Nebraska: A gateway for immigrants

Posted on February 17, 2012 at 4:59 pm

By Haley Dover

A reasonable cost of living and jobs in agriculture, manufacturing and meatpacking contribute to Nebraska becoming a gateway into America for the growing foreign-born population, an immigration expert said Thursday.

Caroline Brettell, an SMU anthropology professor, said many small businesses are being revived by immigrants. / Courtesy photo

Caroline Brettell, an anthropology professor at Southern Methodist University who has studied global immigration patterns, said the growing foreign-born population in Nebraska is part of a national trend of immigrants seeking new destinations.

In a lecture at the University of Nebraska-Lincoln’s Jackie Gaughan Multicultural Center, Brettell noted that 44.4 percent of Nebraska’s foreign-born residents have moved to the state since 2000.  In Lincoln alone, 7.4 percent of the population is foreign-born.  Nationally 12 percent of the population is foreign born.

Cities like Boston, Atlanta and Phoenix increasingly have become popular destinations for immigrants, she said, but traditional gateways like New York City, Chicago and Miami remain popular, too.

“Continuous gateways have always attracted more than their fair share of immigrants,” Brettell said. “Immigrants are still going to those traditional cities.”

New patterns have shown immigrants moving into the suburbs, rather than to the center of cities, she said.

Lincoln residents may notice the immigrant population from neighborhoods or small businesses that they own. Brettell finds that many small businesses are being revived in the hands of the immigrant population.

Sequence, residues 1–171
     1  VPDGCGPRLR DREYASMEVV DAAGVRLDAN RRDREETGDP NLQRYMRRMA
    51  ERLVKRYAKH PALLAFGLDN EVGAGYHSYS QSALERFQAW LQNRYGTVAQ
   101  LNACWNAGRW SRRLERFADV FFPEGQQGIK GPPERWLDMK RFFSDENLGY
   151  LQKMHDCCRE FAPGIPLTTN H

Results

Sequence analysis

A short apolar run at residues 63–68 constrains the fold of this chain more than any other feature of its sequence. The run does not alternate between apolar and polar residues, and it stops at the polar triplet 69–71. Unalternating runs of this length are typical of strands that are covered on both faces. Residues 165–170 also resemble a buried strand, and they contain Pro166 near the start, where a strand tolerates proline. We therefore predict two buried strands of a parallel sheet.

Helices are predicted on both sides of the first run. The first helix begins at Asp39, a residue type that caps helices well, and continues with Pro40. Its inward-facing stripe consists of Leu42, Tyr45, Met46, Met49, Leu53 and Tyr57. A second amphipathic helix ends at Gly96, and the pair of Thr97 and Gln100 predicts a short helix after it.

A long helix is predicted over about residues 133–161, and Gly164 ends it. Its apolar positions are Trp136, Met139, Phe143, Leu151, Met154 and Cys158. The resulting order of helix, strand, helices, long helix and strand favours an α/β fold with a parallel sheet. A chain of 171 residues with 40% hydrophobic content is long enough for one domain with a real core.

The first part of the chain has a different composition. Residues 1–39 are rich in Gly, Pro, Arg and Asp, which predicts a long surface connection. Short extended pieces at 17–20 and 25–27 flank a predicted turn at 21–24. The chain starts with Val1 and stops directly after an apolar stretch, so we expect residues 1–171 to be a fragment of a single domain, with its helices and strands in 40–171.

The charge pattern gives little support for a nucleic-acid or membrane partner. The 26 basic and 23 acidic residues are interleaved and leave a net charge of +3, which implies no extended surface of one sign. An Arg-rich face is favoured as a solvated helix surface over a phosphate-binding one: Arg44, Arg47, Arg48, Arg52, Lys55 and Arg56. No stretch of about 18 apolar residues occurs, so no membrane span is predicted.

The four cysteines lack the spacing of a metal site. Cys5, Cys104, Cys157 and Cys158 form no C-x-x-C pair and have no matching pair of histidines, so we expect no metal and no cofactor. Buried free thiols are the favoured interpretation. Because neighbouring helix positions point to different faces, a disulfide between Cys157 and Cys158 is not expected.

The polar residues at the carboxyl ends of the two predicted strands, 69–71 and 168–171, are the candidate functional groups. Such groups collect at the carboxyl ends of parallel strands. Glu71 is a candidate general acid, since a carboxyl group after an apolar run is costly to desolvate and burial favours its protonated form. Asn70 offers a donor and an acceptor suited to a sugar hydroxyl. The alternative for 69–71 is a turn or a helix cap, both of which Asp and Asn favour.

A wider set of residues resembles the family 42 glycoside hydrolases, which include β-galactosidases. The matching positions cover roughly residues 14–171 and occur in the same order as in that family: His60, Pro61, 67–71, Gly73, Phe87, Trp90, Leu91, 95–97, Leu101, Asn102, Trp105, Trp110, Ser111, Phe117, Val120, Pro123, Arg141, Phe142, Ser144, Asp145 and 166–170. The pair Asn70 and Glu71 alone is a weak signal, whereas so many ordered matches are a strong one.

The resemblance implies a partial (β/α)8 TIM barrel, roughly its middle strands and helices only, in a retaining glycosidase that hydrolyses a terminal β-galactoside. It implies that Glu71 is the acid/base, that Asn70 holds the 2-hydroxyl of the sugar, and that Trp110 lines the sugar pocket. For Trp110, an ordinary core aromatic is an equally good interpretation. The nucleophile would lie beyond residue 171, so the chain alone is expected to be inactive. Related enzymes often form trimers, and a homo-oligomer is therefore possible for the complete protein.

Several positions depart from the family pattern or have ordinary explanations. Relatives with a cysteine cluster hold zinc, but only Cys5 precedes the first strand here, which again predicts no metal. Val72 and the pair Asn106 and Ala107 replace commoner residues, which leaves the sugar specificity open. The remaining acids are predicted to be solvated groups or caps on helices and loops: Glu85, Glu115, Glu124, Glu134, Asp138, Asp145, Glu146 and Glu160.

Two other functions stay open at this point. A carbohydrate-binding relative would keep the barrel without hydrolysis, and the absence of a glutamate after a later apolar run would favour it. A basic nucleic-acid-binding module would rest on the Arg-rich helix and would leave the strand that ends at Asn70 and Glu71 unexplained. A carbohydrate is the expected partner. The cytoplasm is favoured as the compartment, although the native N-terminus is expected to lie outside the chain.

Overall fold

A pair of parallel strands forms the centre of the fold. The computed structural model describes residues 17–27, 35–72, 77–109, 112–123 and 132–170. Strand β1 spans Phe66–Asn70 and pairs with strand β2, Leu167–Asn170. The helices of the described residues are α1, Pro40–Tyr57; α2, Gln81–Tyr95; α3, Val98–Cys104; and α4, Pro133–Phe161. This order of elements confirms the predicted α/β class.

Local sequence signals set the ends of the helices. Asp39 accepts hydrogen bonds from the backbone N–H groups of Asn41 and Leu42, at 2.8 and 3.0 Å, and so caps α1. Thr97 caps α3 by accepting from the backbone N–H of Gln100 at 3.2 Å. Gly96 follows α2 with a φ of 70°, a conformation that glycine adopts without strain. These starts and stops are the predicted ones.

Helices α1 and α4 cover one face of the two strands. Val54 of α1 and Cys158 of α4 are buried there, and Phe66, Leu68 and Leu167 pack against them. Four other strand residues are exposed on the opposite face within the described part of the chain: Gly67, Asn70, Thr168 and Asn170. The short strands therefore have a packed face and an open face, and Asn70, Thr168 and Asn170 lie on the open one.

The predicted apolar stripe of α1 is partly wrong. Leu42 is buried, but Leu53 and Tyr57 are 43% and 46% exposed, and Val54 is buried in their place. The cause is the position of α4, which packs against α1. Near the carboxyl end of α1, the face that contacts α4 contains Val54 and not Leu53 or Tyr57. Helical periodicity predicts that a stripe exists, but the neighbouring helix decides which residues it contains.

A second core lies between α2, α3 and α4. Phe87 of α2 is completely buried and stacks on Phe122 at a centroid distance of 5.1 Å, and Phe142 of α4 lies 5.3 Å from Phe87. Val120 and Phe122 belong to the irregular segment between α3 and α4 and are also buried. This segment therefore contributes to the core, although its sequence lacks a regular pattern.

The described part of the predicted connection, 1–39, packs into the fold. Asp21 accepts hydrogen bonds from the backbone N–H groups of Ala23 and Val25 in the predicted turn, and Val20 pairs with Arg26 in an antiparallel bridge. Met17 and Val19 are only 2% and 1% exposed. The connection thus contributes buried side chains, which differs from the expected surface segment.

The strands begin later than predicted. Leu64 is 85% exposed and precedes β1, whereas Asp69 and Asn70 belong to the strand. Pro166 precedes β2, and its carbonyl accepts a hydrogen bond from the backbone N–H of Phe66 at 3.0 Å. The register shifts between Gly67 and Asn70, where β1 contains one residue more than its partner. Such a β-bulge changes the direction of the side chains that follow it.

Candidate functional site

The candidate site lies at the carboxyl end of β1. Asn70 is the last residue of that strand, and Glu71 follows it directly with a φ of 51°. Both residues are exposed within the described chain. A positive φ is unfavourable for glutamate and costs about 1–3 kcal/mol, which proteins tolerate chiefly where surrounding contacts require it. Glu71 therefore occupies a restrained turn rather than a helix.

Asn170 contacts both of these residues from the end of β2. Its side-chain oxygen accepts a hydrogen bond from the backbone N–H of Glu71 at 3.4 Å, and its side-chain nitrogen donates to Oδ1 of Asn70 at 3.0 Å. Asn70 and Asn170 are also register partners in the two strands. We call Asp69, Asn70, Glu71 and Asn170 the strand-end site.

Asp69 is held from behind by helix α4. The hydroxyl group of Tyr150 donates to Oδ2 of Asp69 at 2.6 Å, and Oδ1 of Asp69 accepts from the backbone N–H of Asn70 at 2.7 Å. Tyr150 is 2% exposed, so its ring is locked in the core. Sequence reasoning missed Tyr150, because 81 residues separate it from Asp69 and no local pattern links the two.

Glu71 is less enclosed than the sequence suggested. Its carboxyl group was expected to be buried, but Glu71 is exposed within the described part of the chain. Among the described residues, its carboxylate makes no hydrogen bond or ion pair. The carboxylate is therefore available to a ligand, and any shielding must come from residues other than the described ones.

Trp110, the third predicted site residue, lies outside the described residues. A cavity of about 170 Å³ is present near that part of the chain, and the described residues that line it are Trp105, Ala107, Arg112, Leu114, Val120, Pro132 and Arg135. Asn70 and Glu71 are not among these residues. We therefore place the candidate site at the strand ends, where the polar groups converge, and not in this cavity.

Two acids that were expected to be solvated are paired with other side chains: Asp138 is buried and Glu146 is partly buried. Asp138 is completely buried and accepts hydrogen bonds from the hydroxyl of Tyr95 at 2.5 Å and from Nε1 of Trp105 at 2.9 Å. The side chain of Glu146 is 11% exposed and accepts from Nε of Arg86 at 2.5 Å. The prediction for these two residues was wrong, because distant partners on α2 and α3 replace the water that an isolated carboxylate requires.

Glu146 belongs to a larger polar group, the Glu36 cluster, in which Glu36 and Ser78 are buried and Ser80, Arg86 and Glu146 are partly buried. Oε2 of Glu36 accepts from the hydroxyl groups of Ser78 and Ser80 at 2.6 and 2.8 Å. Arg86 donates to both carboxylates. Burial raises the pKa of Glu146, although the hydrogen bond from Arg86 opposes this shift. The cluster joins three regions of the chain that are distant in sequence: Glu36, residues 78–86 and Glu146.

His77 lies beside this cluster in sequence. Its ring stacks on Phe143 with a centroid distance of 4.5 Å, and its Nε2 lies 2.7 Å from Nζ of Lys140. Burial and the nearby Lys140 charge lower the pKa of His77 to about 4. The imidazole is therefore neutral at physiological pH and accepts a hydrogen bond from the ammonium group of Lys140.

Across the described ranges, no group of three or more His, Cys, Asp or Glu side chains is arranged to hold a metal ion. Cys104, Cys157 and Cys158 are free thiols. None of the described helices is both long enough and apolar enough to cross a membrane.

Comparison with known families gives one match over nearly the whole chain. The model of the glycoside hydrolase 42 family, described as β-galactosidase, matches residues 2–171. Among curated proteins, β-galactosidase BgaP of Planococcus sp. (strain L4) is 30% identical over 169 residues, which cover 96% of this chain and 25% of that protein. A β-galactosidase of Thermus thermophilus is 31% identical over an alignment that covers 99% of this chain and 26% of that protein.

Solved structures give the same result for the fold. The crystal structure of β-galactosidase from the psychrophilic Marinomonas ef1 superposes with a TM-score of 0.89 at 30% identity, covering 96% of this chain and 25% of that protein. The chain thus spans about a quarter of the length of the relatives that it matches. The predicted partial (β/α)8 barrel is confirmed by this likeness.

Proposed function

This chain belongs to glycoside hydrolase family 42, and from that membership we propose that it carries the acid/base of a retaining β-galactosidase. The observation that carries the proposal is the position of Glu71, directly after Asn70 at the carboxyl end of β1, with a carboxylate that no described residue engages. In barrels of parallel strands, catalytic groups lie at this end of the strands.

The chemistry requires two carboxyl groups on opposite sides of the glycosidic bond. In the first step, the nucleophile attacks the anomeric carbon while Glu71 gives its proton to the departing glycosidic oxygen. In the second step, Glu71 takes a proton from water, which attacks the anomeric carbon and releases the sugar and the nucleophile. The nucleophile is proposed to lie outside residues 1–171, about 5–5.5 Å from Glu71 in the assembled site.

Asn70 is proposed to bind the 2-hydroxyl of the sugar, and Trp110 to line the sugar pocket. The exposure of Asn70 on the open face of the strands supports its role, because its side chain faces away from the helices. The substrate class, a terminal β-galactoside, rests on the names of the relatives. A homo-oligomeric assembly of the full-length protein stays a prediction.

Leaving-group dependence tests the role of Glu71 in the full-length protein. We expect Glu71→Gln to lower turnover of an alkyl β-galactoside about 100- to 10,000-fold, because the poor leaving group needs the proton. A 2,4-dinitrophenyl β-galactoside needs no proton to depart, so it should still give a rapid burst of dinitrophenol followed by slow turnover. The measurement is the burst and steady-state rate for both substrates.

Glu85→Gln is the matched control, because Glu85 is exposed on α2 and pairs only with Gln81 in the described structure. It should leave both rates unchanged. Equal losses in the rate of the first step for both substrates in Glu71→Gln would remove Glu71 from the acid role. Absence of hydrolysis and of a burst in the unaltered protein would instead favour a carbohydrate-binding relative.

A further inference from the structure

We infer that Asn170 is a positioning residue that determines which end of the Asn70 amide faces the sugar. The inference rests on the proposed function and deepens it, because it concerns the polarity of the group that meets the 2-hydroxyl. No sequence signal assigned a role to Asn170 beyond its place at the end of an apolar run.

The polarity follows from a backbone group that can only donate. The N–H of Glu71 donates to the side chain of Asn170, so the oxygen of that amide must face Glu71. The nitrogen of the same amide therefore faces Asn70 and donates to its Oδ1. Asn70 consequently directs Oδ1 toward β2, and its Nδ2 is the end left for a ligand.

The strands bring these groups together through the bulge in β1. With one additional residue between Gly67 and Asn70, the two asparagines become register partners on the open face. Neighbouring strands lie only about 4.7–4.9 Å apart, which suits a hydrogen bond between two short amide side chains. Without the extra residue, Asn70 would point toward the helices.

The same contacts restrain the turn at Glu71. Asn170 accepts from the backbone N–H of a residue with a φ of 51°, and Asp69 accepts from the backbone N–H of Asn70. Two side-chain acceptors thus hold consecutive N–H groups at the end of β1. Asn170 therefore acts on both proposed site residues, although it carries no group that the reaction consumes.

Brettell said some things to watch for in a growing foreign-born community are: political mobilization, festivals, bilingual education and opportunities for interaction between immigrants and native-born people. She has recently been considering a project that would study where cultural interactions occur.

As the United States is considered a melting pot, Brettell said everyone has a connection to immigration in some way.

“We all have a story of immigration,” she said,  “whether it is recent or in our distant past.”



Related Stories


Center works to make dreams come true

CFPIN thumb

By Madison Bell Every day, as Khaleed Haji sweeps the floors of a retirement home, he imagines he is still teaching Kurdish, English and science to high school students in Baghdad, Iraq. He wasn’t fluent in English, but even before he arrived in America he knew the language fairly well. Now, as a refugee living […]

April 20, 2015 at 3:45 pm


Lincoln Yazidis seek own TV channel

4sem thumb

By Emily Rust They’re creating a voice for the voiceless. Lincoln, Nebraska, is home to the largest Yazidi community in the United States, and for the first time, this community has a chance of having a unique television channel focused on them. In 2014, 4Sem TV (pronounced char-shem) started in Germany through, which focuses […]

April 16, 2015 at 11:28 am

Our Stories

Answers, support on DAPA and DACA

DACA thumb

By Maranda Loughlin Mexican, Central American, Burmese, Karen, Iraqi and Vietnamese mothers sat in the center of a classroom at Elliott Elementary School in Lincoln, Nebraska. Around the classroom verbs and nouns were written on construction paper showing popular words and how to spell them: “Run,” “Walk,” “Mother,” and “Father.” Typically the mothers come to […]

April 25, 2015 at 2:06 pm

Admin Login | 402-472-3034 | Contact Us | About Us | Site by Ebbeka Design